When Discounts Raise Costs: The Effect of Copay Coupons on Generic Utilization
Branded pharmaceutical manufacturers frequently offer "copay coupons'" that insulate consumers from cost-sharing, thereby undermining insurers' ability to influence drug utilization. We study the impact of copay coupons on branded drugs first facing generic entry between 2007 and 2010. To overcome endogeneity concerns, we exploit cross-state and cross-consumer variation in coupon legality. We find that coupons increase branded sales by 60+ percent, entirely by reducing the sales of bioequivalent generics. During the five years following generic entry, we estimate that coupons increase total spending by $30 to $120 million per drug, or $700 million to $2.7 billion for our sample alone.
We are grateful for comments from Ernie Berndt, Pauline Kennedy, and participants in the 2015 Bates White Life Sciences Symposium, NBER Productivity Lunch, University of Chicago Health Economics Workshop, and Columbia University CPRC Seminar. We are thankful for many helpful conversations with David Schmidt and Elizabeth Schneirov of the Federal Trade Commission. We thank Susie Liu for outstanding research assistance. The statements, findings, conclusions, views, and opinions contained and expressed in this paper are based in part on data obtained under license from IMS Health Incorporated: National Prescription Audit, January 2007 – December 2010. All Rights Reserved. The statements, findings, conclusions, views, and opinions contained and expressed herein are not necessarily those of IMS Health Incorporated, any of its affiliated or subsidiary entities, or the National Bureau of Economic Research.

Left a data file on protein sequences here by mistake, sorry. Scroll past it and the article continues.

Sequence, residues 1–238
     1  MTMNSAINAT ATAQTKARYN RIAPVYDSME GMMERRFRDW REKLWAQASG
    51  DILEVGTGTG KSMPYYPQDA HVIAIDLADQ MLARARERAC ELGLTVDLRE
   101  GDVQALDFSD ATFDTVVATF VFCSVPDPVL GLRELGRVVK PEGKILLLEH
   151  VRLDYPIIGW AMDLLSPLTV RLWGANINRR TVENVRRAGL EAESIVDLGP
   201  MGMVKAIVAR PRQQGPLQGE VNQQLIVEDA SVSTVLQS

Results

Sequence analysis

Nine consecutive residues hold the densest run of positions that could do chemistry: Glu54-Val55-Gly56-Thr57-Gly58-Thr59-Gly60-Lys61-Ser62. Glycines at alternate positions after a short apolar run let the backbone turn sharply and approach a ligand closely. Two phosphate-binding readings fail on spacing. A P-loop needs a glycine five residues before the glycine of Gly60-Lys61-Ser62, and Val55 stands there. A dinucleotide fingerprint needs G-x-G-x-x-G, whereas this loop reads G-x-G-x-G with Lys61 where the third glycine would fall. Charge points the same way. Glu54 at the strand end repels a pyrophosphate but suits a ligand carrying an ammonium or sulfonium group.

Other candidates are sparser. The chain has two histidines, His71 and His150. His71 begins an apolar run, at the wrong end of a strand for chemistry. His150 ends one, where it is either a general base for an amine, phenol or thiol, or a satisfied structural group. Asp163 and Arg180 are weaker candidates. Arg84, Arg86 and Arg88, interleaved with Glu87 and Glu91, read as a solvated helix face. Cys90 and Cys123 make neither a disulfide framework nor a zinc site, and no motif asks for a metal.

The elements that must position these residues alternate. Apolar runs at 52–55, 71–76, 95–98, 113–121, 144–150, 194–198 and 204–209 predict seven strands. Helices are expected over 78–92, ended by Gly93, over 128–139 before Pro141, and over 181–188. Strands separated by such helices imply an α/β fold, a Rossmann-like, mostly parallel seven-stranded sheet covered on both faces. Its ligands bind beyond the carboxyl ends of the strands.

Leemore Dafny & Christopher Ody & Matt Schmitt, 2017. "When Discounts Raise Costs: The Effect of Copay Coupons on Generic Utilization," American Economic Journal: Economic Policy, vol 9(2), pages 91-123. citation courtesy of